Satellite service providers such as Eutelsat and SES Astra are already looking at satellite/WiFi combinations to provide community broadband. The lower cost WiFi for local access combined with the more expensive satellite for trunking looks promising provided issues of scaling are successfully addressed. If so, the model could work anywhere in the satellite footprint. Low cost satellite access models are also being addressed, as the unmet market may be of sufficient scale to provide the volumes needed to drive down user terminal costs. Powerline – the delivery of communications via electric power cabling – is beginning to look more attractive because of the scale of the potential demand. It may even be argued that 3G networks could cover some of the unmet demand, based on the success of 2G networks in new member states.
What is emerging is that the issue of the digital divide could be addressed by the technologies that promised much in the late 1990's but never quite delivered. The government imperative may be the key to unlocking the potential of these technologies, provided service providers are able to integrate them in their service offer. There are many value chain issues to be resolved, particularly in new member states where credit cards and bank accounts are not the norm and where consumer scale distribution chains are relatively primitive. Innovation in service delivery is required in addition to innovation in technology.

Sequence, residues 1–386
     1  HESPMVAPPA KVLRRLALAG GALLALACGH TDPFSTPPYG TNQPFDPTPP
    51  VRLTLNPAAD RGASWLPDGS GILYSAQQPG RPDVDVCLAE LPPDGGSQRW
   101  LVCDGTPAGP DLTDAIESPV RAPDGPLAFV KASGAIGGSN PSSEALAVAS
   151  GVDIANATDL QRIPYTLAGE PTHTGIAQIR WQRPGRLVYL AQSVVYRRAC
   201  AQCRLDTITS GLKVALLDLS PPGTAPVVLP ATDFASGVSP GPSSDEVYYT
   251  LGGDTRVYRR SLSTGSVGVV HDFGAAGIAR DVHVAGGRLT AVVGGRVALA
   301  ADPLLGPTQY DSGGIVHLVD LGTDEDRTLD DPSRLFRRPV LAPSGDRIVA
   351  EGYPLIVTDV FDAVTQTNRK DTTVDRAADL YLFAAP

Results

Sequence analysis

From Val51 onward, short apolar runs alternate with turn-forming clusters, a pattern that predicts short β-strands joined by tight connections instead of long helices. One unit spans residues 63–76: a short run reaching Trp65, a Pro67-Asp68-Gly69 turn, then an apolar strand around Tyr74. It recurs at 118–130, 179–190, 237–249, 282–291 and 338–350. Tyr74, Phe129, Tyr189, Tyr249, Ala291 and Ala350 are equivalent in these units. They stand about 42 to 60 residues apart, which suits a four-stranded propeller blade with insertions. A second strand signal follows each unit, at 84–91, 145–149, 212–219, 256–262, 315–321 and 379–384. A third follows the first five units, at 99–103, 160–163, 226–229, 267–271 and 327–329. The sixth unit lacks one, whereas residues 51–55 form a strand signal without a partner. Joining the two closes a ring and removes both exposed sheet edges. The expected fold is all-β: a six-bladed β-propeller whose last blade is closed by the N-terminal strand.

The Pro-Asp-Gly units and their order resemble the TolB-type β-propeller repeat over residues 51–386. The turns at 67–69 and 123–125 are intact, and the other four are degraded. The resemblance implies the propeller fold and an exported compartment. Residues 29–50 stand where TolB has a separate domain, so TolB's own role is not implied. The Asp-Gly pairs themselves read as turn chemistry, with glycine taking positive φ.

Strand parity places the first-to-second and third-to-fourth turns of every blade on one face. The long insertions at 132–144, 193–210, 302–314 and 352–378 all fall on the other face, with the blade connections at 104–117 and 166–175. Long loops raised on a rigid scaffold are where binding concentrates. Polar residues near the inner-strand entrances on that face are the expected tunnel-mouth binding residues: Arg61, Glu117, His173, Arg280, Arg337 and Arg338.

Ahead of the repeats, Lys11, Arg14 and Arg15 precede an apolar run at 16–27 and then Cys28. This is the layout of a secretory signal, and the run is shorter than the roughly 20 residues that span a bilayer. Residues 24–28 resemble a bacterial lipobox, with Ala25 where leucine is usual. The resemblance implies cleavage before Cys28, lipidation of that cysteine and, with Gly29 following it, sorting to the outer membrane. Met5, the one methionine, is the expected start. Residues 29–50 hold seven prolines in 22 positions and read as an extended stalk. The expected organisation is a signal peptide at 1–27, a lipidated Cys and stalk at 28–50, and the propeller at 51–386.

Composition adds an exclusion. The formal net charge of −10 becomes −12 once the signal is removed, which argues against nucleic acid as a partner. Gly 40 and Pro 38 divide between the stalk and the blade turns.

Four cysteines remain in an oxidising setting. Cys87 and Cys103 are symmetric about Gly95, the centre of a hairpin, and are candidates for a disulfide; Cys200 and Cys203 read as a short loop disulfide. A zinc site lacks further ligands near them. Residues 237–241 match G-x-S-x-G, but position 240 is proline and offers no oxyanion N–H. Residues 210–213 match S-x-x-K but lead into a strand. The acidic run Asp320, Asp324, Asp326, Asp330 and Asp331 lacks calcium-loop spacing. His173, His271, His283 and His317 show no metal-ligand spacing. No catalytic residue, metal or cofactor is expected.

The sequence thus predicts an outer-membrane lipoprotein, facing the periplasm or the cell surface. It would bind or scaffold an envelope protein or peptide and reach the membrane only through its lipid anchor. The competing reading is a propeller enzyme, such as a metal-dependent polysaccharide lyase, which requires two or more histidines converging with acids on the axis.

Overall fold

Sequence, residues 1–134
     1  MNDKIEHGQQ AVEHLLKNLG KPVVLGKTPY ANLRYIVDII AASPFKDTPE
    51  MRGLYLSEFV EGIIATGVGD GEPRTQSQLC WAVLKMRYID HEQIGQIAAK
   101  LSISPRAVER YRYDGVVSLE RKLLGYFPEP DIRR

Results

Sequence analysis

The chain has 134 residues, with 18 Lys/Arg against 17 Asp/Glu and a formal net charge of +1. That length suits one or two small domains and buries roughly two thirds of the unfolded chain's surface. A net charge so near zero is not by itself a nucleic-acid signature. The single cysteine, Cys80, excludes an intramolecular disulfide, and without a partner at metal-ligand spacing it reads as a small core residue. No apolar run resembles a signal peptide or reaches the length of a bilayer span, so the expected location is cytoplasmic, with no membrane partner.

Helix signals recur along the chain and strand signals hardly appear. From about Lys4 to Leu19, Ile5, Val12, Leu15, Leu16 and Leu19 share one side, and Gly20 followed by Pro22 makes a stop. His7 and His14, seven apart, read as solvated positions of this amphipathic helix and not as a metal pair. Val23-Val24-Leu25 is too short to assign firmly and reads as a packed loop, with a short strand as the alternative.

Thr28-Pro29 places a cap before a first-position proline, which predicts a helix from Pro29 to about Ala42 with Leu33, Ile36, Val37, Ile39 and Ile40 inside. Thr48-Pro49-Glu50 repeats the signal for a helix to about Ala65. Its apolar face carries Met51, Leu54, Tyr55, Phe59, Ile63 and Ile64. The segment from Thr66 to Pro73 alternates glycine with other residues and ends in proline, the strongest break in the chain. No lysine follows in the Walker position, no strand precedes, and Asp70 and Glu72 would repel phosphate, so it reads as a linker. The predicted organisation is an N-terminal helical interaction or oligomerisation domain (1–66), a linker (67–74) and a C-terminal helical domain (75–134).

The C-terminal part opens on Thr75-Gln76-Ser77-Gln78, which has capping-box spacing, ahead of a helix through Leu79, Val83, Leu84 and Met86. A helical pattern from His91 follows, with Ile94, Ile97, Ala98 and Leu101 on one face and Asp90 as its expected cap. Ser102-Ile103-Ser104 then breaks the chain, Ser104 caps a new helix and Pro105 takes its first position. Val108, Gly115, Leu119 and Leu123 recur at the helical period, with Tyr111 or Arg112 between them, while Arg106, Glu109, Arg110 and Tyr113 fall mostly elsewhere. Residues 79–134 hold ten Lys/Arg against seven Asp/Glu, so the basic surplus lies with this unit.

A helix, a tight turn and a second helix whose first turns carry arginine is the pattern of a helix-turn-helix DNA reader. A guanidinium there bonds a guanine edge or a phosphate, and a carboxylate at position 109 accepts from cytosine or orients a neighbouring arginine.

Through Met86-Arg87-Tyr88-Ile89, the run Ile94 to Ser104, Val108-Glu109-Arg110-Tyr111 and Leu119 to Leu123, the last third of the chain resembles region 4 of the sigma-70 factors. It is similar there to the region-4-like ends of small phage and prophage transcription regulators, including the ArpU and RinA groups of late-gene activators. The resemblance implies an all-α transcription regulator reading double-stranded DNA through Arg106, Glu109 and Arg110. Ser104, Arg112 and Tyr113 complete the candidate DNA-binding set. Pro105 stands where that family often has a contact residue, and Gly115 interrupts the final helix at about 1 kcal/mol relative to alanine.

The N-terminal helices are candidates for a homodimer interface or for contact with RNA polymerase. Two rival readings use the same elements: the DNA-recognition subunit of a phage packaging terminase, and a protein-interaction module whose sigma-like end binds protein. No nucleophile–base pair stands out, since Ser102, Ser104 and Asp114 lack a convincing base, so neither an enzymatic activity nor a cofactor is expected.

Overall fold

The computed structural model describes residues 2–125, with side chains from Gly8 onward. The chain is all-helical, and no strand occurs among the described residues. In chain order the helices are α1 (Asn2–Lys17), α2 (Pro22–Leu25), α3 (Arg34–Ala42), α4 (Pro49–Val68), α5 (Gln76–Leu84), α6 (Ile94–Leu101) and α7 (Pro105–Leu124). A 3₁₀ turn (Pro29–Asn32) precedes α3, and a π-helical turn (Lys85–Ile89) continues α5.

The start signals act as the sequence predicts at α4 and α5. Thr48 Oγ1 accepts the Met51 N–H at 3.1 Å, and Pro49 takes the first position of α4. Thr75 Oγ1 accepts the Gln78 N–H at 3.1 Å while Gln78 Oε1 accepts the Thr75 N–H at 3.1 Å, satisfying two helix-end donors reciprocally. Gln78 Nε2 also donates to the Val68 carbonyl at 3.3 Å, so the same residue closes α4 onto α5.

One issue is clear. Western European governments believe that the Internet is an essential tool for the citizen and that broadband connection will form part of the path to future growth and prosperity. If this is true, those outside the reach of these technologies will be seriously disadvantaged, with resultant shifts in the patterns of business away from rural areas and less well connected countries. This is contrary to the aims of the enlarged European Union. However, it is not enough for government institutions to provide state support to service providers to solve the problem. The service providers themselves need to be able to offer innovative solutions that combine with institutional support to address the digital divide. This could be a great opportunity for some niche technologies to come to the fore over the next five years.
Andrew Davies is Business Development Director at strategic technology consultants ESYS, and can be contacted via: firstname.lastname@example.org